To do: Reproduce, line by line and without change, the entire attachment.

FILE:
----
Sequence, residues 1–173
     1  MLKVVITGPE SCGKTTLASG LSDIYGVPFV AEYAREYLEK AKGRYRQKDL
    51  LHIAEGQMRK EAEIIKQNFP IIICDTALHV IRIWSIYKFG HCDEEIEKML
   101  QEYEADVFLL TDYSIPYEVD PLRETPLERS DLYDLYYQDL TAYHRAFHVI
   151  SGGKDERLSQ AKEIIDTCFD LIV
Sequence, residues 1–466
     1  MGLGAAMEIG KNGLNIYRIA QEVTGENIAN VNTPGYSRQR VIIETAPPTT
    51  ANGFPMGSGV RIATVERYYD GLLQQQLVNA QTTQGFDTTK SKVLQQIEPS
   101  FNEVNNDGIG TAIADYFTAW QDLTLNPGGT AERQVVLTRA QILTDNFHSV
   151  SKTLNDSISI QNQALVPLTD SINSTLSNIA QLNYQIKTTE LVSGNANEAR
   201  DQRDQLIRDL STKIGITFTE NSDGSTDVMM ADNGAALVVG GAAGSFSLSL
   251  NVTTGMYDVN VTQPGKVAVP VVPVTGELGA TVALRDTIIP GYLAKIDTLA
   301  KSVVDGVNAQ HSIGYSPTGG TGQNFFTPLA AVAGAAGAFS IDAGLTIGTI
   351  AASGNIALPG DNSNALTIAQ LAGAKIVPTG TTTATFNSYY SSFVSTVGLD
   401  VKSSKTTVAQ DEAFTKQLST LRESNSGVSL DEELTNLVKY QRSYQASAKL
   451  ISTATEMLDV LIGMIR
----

Sequence, residues 1–173
     1  MLKVVITGPE SCGKTTLASG LSDIYGVPFV AEYAREYLEK AKGRYRQKDL
    51  LHIAEGQMRK EAEIIKQNFP IIICDTALHV IRIWSIYKFG HCDEEIEKML
   101  QEYEADVFLL TDYSIPYEVD PLRETPLERS DLYDLYYQDL TAYHRAFHVI
   151  SGGKDERLSQ AKEIIDTCFD LIV
Sequence, residues 1–466
     1  MGLGAAMEIG KNGLNIYRIA QEVTGENIAN VNTPGYSRQR VIIETAPPTT
    51  ANGFPMGSGV RIATVERYYD GLLQQQLVNA QTTQGFDTTK SKVLQQIEPS
   101  FNEVNNDGIG TAIADYFTAW QDLTLNPGGT AERQVVLTRA QILTDNFHSV
   151  SKTLNDSISI QNQALVPLTD SINSTLSNIA QLNYQIKTTE LVSGNANEAR
   201  DQRDQLIRDL STKIGITFTE NSDGSTDVMM ADNGAALVVG GAAGSFSLSL
   251  NVTTGMYDVN VTQPGKVAVP VVPVTGELGA TVALRDTIIP GYLAKIDTLA
   301  KSVVDGVNAQ HSIGYSPTGG TGQNFFTPLA AVAGAAGAFS IDAGLTIGTI
   351  AASGNIALPG DNSNALTIAQ LAGAKIVPTG TTTATFNSYY SSFVSTVGLD
   401  VKSSKTTVAQ DEAFTKQLST LRESNSGVSL DEELTNLVKY QRSYQASAKL
   451  ISTATEMLDV LIGMIR